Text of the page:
According to Goodreads, so far this year I’ve read 95 books – although there were others that didn’t make it to Goodreads. That’s a few less than last year

Yes, that’s a lot of reading, but I do read most afternoons for an hour after I log off from the day job and again every night before I go to sleep.

And the ones that didn’t make it to Goodreads? Mostly genre romances that were devoured in an hour or so and are sweet but guilty pleasures – like vegemite and cheese on white bread with butter.

The longest book?

Ok, I’m not great with commitment, so the longest book I read was Erica James’ Love and Devotionat 536 pages. Again, according to Goodreads, my page count was greater than last year.

Any new series?

Absolutely. There was Debbie Johnson’s Comfort Café series, Jenny Colgan’s Mure Island series, E.V. Harte’s Tarot Detective series and Helen Pollard’s Little French Guesthouse series.

Additions to favourite series?

I was fortunate to get an advance copy for review purposes of Sulari Gentill’s latest Rowland Sinclair adventure, All The Tears in China. Thankfully there was also a new Rebus from Ian Rankin, In A House Of Liesand an addition to Anthony Horowitz’s Hawthorne tales with The Sentence Is Death.

Series I missed this year?

Nope. All good.

Thanks for the recommendation…

I rely on my book blogger friend Debbish for additions to my to-be-read pile, and she certainly didn’t let me down in 2018. A new bloggy friend – Sammy from The Annoyed Thyroid was also a reliable source of reading recommendations.

Any 5 star reads?

Yes – I was obviously feeling very generous this year as I handed out 5 stars to 17 reads. I’m not a great critic – if I’ve really enjoyed something it will get the marks from me. As for my favourites out of this list? That’s a tad tougher, but in no specific order here is my top 10:

  • The Land Before Avocado, Richard Glover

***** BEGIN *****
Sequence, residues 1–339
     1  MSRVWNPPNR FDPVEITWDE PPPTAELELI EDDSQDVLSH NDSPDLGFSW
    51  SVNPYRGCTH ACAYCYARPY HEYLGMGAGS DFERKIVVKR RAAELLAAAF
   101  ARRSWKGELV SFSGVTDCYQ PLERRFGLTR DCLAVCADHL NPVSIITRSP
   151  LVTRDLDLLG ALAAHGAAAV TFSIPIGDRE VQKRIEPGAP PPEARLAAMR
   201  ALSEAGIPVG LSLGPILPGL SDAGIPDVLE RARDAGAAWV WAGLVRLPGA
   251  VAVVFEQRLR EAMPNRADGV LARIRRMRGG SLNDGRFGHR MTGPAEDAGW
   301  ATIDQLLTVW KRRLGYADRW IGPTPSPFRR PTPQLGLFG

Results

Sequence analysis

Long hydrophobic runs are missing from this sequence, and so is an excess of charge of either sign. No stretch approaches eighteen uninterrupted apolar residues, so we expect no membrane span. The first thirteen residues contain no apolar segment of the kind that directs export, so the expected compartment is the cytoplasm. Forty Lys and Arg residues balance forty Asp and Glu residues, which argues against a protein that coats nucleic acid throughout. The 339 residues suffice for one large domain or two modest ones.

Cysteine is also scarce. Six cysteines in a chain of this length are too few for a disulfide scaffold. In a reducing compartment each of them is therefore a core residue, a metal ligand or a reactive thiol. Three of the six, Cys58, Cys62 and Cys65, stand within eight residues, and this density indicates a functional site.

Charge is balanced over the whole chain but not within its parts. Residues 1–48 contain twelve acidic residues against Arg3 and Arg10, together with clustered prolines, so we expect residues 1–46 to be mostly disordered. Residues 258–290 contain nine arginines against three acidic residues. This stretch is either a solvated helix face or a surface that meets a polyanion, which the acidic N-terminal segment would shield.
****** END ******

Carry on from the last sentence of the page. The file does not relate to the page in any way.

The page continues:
• Paris Is Always A Good Idea, Nicholas Barreau
  • The Man I Think I Knew, Mike Gayle
  • The Chilbury Ladies Choir, Jennifer Ryan
  • The Guernsey Literary and Potato Peel Pie Society, Mary Ann Shaffer, Annie Barrows
  • Café By The Sea, Jenny Colgan
  • The Wife Between Us, Greer Hendricks, Sarah Pekkanen
  • A far Cry From Kensington, Muriel Spark
  • Sunshine At The Comfort Food Café, Debbie Johnson
  • Gardens Of Delight, Erica James

Close behind – and also with 5 stars – was Art of Friendship by Lisa Ireland and Three Gold Coins by fellow Sunshine Coastie Josephine Moon.

Any books adapted into a movie?

I tend not to read blockbusters – in much the same way that I tend not to watch anything nominated for an Oscar. I’m a bit of a reverse snob in this way. This means that often I don’t watch movie adaptations.

This year, however, there was The Guernsey Literary and Potato Peel Pie Society – which I read before I watched the movie.


I’m not normally a non-fiction reader, but read some memoir this year – mostly foodie related, of course.

There was Nigel Slater’s Toastand Eating For England, and John Baxter’s A Paris Christmasand The Perfect Meal. Away from the foodie genre I enjoyed Billy Connelly’s Billy, and Ailsa Piper’s Sinning Across Spain – Walking The Camino.

Craft books read?

No, not this year.

Any business books?


What annoyed me this year?